Flying the Friendly Skies
As if it wasn’t enough that we have to put up with security frisking your crying 3-year-old, nuns, and searching through grandma’s adult diaper, we also have to fear that a simple mistake can cost you jail time as well as some hefty fines. From Fox4KC:
“A fun trip to the Bahamas turned frustrating and depressing for one Liberty, Mo. man and all of his friends and family.
Darrell Lapp was arrested by airport police in the Bahamas as he was preparing to come home. Security found a single bullet in his bag, and although he tried to tell them it was simply leftover from a hunting trip earlier this year, it didn’t matter. They arrested him and kept him in a cell for three days.
Lapp had gone to the Bahamas with about two dozen other fathers and sons for a boy scout scuba diving trip.”
Those of us without the luxury of having different sets of luggage to fit our every need end up having to use the same bags for different purposes, in this case hunting and traveling. I can actually relate to the man in the story. Had it not been for the careful eyes of Navy customs in Kuwait catching five bullets in my backpack that I missed whilst packing it for redeployment home from Iraq, I may have been in the same situation. Apparently, none of the security officers have ever missed anything while unpacking.
The totality of circumstances must be taken into account in all applications of the law. This was not a lone Saudi male with no luggage and a one-way ticket. This man was with his son on a group trip with the Boy Scouts, and had already been through security twice on the first part of the trip. It is simply irrational to believe that he went down to the Bahamas clean, but decided to pack a single bullet on the return trip for use in some diabolical plan. Just because airport security is able to skirt around that pesky notion of “probable cause,” officer and supervisory discretion should be exercised precisely to prevent things like this from happening.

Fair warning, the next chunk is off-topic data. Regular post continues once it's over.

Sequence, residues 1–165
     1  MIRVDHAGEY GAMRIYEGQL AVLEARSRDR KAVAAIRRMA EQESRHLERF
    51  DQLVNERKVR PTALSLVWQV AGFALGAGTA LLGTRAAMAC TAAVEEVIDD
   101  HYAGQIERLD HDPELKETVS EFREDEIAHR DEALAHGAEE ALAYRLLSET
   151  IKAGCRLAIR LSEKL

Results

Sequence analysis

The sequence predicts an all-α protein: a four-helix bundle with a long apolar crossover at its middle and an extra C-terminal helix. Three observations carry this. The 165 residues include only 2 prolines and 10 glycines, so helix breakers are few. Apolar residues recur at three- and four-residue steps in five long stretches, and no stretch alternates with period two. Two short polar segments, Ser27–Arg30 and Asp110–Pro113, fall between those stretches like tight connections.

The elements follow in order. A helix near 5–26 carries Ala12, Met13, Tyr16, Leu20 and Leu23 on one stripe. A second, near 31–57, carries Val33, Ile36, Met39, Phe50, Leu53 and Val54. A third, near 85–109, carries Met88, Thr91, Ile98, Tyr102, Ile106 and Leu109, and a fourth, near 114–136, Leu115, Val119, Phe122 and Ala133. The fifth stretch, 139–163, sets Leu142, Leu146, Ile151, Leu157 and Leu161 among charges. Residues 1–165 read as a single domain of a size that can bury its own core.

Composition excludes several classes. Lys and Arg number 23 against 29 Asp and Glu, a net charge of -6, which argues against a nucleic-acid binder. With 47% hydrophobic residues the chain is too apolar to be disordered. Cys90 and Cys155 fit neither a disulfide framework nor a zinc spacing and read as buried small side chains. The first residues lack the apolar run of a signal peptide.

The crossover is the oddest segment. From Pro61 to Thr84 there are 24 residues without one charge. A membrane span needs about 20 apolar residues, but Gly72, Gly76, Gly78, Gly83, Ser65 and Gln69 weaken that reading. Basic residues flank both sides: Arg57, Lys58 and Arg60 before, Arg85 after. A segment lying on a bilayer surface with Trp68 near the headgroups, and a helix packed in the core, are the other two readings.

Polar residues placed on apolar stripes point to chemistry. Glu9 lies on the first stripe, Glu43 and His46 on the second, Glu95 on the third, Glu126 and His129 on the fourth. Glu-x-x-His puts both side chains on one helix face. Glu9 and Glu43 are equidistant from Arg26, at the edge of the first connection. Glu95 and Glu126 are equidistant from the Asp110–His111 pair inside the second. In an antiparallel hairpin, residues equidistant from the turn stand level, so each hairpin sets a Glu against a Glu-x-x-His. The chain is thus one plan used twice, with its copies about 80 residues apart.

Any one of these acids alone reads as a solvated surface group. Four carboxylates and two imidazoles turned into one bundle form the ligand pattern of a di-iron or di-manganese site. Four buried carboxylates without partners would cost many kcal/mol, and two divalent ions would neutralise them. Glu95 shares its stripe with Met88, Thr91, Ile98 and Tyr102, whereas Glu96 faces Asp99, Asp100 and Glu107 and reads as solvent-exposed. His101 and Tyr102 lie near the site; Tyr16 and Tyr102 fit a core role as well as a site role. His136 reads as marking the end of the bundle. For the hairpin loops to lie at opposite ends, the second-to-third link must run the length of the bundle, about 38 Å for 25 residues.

The bigger problem is with the misapplication of logic. For a crime to have occurred in our (Western) jurisprudence, we need to have two things: actus reus (an act) and mens rea (intent). Simple oversight that misses a single item that is legal to otherwise own and carry does not fall within the category of a crime, nor does it warrant punitive action. It’d be like pulling someone over on a road in front of a “safe-school” zone and arresting them for carrying a weapon, when that person is properly permitted to do so and he just happens to be driving by a school. This is an atrocious problem that makes criminals out of otherwise law-abiding citizens, gives them a record, and forever makes it more difficult for them to live their lives.
To add insult to injury:
“It was supposed to be one of those trips of a lifetime, and Lapp had saved for for it a long time, even working two jobs for a year to pay for it. The worst will be over Monday, when he is supposed to return home. His attorney advised him to plead guilty and the Bahama court would acknowledge he had no ill intent with the hidden bullet, though he would have to pay a hefty fine.”
Read that again carefully. He will have to plead guilty in order to prove lack of intent, but if he is found guilty it will put a felony mark on his record, and he will have to pay a fine for the privilege. He is also now in the system, which means he will be singled out every time he goes through airport security, assuming this incident doesn’t put him on a no-fly list.
The bottom line in all of this is that we should fear the terrorists, not the people in charge of protecting us. This was a low move by the Bahamian airport security, and everyone involved should be ashamed of themselves.
(Crossposted at Federalism Online)